For the first time, and perhaps because of the recent confinement, when I tried out old-fashioned activities, I made a syrup from the flowers of the Elderberry (Sambucus racemosa) bush.
As is my wont, I looked up what there was to know about this plant. Apparently, when uncooked, all parts (leaves, twigs, flowers and berries) contain some cyanogenic glycosides, which are toxic. But clipping off the stems (even the little ones) keeps things safe enough for making a cordial. In Austria, Germany and England, elderflower syrup is very common, and making it a yearly ritual.
When I told my friends that I made this syrup, many touted the health benefits of the elderflower: it’s supposed to reduce inflammation, boost the immune system, and kill bacteria. I just like the delicate, fragrant flavour.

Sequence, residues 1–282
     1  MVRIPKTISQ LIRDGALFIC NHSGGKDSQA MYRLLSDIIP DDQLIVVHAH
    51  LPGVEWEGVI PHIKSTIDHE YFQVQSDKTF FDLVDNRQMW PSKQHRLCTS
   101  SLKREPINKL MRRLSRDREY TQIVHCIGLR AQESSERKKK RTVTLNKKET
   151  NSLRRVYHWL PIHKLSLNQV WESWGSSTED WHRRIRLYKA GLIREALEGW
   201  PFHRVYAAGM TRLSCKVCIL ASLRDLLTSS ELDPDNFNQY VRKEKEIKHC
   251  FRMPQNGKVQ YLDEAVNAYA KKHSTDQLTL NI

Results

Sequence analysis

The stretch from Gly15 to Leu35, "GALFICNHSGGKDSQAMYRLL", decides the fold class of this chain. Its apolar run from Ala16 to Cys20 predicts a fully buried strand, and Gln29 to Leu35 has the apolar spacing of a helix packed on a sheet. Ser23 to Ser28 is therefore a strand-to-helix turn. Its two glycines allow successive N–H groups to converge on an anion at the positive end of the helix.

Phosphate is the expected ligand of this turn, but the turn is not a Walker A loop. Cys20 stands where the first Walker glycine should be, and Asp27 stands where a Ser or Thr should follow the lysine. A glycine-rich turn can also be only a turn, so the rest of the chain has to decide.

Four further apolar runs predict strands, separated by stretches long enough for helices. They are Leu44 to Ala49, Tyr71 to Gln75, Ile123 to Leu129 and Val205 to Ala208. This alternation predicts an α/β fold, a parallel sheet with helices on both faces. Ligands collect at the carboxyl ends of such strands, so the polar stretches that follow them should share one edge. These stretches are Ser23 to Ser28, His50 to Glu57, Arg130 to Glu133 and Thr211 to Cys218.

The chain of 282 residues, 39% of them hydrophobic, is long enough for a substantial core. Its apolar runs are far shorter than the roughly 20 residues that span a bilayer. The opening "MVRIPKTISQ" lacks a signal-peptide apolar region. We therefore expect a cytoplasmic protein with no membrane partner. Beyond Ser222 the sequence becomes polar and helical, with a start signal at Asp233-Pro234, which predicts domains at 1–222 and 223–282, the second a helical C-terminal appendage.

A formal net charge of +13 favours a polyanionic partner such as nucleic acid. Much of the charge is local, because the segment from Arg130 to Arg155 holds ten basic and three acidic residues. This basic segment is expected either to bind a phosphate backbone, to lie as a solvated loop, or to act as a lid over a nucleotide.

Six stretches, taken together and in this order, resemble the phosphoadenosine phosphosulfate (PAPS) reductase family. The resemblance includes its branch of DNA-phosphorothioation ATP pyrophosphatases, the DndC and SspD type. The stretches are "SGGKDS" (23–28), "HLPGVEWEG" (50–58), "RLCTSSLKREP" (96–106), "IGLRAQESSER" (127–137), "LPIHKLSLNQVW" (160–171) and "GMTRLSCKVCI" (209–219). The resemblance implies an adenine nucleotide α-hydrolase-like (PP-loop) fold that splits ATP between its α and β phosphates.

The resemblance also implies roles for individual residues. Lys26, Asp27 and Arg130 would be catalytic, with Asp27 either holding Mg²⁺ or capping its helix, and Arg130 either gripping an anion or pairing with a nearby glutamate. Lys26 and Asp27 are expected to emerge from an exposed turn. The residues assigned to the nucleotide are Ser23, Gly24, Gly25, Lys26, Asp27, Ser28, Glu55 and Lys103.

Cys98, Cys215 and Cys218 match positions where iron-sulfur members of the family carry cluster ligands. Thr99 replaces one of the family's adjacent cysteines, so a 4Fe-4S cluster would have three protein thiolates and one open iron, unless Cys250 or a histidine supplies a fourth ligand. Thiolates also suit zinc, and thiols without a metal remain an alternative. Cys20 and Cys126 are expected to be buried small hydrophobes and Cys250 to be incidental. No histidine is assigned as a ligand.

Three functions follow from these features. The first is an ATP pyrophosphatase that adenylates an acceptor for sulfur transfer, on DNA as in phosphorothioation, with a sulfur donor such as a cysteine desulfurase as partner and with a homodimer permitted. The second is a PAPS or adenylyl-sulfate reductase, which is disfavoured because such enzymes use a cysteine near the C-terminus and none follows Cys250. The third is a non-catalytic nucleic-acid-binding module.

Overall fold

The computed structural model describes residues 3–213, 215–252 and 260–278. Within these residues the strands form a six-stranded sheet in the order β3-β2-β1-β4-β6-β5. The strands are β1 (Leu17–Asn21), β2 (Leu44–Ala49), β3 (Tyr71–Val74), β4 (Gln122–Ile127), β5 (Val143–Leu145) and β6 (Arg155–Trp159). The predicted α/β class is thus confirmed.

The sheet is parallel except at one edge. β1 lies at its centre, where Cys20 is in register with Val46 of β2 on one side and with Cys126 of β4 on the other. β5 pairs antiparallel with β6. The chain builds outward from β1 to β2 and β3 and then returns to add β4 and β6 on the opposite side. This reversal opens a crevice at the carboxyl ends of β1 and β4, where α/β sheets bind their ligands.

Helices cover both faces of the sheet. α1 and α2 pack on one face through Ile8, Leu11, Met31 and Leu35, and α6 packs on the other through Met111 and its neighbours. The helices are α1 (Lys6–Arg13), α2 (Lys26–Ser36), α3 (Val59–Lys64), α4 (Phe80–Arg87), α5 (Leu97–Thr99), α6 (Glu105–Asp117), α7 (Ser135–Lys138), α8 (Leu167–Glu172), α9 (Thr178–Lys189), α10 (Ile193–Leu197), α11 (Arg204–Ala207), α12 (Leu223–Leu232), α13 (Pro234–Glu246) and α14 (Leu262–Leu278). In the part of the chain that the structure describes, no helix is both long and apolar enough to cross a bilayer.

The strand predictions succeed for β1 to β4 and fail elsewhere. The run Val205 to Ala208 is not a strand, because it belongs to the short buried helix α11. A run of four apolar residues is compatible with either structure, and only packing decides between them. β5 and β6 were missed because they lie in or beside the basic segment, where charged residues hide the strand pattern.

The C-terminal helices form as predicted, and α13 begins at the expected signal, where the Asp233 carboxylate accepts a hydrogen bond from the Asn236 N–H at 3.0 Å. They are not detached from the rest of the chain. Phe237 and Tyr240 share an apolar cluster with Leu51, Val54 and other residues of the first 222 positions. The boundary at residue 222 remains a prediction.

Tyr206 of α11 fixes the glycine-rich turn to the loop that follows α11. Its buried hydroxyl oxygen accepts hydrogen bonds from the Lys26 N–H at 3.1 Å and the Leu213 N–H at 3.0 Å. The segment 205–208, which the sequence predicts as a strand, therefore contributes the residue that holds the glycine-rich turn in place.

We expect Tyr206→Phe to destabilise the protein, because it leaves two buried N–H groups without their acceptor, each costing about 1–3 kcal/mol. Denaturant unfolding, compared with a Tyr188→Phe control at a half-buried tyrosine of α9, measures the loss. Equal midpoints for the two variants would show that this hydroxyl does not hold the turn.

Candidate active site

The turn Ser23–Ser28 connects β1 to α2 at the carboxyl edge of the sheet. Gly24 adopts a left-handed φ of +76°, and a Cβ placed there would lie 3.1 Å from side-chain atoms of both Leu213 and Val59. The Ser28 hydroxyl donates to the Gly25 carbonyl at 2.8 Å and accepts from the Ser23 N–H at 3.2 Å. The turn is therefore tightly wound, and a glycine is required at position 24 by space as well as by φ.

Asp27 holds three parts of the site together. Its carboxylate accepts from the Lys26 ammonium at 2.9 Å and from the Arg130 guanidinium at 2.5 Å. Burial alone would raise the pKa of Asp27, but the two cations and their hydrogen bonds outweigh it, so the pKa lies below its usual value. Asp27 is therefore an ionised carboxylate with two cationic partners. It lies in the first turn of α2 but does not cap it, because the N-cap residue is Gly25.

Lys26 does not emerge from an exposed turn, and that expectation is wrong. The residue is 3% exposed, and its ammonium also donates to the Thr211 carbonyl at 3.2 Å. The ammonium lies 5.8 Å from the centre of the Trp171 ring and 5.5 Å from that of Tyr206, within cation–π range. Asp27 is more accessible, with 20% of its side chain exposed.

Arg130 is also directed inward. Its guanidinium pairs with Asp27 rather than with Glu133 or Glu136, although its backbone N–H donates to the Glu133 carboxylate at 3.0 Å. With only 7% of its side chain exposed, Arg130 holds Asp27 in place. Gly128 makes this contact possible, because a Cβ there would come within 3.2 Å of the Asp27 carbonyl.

At this time of year, the elderberry bushes are in bloom; one can find them especially in riparian zones. The biggest challenge is finding clean white umbels that aren’t full of aphids, which are also in season.
The syrup was ridiculously easy to make, ‘though the trimming of the tiny flowers does take a while. It’s a meditative activity. The months in lockdown taught me patience: any task that took time became appealing.
Those of you in cooler climates can still take advantage of the elderflower blooms; here in Provence their time has past.